In 1920 he went to India with his wife to serve as editor of the Bombay Chronicle, On the behest of Nizam of Hyderabad he was appointed Principal at Chadarghat High School in the Princely State of Hyderabad in 1926. The Nizam’s Government proposed to establish a Publicity Bureau in the Hyderabad State as it appeared in the Mushir-i-Deccan on 14 June 1931, that Marmaduke Pickthall is to be appointed Publicity Officer in addition to his own duties as Principal of the Chadarghat High School.[16] Returning to England only in 1935, a year before his death at St Ives, Cornwall.

Pickthall was buried in the Muslim section at Brookwood Cemetery in Surrey, England,[7] where Abdullah Yusuf Ali was later buried.

Written works[edit]

As editor[edit]

  • Folklore of the Holy Land – Muslim, Christian, and Jewish (1907) (E H Hanauer)
  • Islamic Culture (1927) (Magazine)

See also[edit]


  1. ^ a b c "Marmaduke Pickthall - a brief biography". British Muslim Heritage. Retrieved 4 February 2020.
  2. ^ a b Shaheen, Mohammad. "Pickthall, Marmaduke William (1875–1936)". Oxford Dictionary of National Biography. Oxford University Press.
  3. ^ a b c Murad, Abdal Hakim. "Marmaduke Pickthall: a brief biography".
  4. ^ a b Fremantle, Anne (1938). Loyal Enemy. London: Hutchinson & Co.
  5. ^ Pickthall, Muriel (1937). "A Great English Muslim". Islamic Culture. XI (1): 138–142.
  6. ^ Rentfrow, Daphnée. "Pickthall, Marmaduke William (1875–1936)". The Modernist Journals Project. Archived from the original on 6 March 2016. Retrieved 9 February 2014.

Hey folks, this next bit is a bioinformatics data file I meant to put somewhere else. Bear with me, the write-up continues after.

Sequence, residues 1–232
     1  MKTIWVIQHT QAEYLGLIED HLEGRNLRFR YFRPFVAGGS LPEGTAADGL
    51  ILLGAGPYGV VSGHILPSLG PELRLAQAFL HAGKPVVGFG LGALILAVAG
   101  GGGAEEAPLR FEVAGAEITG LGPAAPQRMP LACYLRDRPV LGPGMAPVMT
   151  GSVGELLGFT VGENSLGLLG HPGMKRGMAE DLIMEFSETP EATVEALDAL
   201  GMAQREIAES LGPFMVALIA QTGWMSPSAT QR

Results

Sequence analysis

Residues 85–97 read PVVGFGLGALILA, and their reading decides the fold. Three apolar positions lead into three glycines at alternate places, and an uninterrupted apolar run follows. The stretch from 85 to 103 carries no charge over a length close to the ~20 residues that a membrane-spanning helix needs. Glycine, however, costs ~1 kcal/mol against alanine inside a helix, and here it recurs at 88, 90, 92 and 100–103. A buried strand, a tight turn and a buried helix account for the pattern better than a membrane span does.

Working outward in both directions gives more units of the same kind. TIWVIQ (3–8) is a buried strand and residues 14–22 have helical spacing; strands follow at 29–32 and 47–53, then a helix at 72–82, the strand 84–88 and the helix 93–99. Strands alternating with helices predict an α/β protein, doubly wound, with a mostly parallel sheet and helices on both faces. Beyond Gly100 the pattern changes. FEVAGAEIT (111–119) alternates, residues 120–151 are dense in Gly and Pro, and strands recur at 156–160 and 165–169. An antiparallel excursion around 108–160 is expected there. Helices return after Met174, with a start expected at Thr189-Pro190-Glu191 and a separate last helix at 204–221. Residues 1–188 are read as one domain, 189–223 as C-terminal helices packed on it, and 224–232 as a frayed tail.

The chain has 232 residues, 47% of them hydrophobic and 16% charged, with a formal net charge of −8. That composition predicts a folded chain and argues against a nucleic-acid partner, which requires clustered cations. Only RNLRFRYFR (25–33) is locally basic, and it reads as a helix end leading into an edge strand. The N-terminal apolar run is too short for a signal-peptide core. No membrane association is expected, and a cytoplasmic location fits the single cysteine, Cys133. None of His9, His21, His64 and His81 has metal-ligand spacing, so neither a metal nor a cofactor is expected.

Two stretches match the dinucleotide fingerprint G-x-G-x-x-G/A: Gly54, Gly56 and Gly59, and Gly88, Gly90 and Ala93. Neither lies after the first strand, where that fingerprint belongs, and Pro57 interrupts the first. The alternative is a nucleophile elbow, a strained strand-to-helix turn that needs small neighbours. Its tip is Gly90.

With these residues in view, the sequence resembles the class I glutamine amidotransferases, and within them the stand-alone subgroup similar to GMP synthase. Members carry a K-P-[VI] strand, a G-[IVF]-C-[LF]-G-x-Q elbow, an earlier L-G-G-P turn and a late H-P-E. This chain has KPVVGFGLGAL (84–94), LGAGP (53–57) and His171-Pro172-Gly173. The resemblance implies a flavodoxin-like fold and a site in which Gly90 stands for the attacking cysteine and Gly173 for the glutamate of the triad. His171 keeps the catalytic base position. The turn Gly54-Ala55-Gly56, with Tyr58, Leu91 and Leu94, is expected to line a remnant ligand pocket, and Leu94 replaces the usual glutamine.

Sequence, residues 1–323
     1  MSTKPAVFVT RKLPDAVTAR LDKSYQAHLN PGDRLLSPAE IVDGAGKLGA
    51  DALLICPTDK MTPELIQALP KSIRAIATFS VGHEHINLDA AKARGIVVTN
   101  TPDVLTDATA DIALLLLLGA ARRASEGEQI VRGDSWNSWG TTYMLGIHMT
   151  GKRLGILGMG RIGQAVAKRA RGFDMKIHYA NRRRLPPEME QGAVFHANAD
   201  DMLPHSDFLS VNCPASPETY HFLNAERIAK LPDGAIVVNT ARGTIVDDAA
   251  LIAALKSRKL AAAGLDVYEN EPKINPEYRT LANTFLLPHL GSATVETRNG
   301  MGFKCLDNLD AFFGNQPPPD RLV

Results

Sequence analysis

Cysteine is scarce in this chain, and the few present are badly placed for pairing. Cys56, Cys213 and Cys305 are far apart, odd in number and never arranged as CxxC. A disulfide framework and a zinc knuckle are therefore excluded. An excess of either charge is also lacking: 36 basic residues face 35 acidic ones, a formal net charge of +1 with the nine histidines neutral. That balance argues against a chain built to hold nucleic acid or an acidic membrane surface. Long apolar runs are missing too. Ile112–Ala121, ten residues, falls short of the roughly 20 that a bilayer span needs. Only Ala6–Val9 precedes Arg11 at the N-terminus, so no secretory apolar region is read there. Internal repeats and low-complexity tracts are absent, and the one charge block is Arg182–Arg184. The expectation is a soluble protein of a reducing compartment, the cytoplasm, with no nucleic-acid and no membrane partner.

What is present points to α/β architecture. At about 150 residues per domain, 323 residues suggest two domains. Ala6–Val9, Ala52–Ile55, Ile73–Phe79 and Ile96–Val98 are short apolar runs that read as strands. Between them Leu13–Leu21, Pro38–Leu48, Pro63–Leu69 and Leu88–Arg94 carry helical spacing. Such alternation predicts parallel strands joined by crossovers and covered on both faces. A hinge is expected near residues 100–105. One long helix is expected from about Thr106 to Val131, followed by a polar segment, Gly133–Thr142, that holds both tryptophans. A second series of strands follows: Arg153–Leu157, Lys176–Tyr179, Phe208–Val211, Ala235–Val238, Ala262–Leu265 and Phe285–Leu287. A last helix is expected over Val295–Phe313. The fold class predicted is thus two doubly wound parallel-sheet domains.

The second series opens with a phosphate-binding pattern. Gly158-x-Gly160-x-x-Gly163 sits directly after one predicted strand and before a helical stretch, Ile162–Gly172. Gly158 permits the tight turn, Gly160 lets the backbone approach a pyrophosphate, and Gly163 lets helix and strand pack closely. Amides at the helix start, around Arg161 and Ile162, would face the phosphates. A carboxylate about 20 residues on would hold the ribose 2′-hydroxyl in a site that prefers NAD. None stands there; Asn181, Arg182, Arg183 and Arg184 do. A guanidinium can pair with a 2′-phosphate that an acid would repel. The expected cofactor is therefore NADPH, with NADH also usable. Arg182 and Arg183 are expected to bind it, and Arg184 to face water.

7. ^ a b "The Victorian Muslims of Britain". Retrieved 18 June 2016.
  9. ^ a b Hurst, Dennis G (2010). America on the Cusp of God's Grace. IUniverse. pp. 155–156. ISBN 9781450269551. Retrieved 7 September 2013.
  10. ^ Clark 1986, pp. 30–33.
  11. ^ Clark 1986, p. 31.
  12. ^ Jamie Gilham (2017). "Marmaduke Pickthall and the British Muslim Convert Community". Marmaduke Pickthall : Islam and the modern world. Leiden. ISBN 9789004327597.{{cite book}}: CS1 maint: location missing publisher (link)
  13. ^ Sherif, M A (2011). Brave Hearts: Pickthall and Philby: Two English Muslims in a Changing World. The Other Press. p. 28. ISBN 9789675062742. Retrieved 3 February 2020. {{cite book}}: |work= ignored (help)
  14. ^ Khizar Humayun Ansari, ‘Ali, Abdullah Yusuf (1872–1953)’, Oxford Dictionary of National Biography, Oxford University Press, Oct 2012; online edn, Jan 2013 accessed 6 February 2020
  15. ^ "East London Mosque - London Muslim Centre". East London Mosque. Retrieved 6 February 2020.
  16. ^ Sherif, M. A. (1 January 2017). "Pickthall's Islamic Politics". Marmaduke Pickthall: Islam and the Modern World. Brill. pp. 106–136. ISBN 978-90-04-32759-7. Retrieved 31 May 2023.
  17. ^ "Review of The Myopes by Marmaduke Pickthall". The Athenaeum (4178): 649. 23 November 1907.
  18. ^ "Review: Pot an Feu by Marmaduke Pickthall". The Athenæum (4350): 274. 11 March 1911.

Further reading[edit]

External links[edit]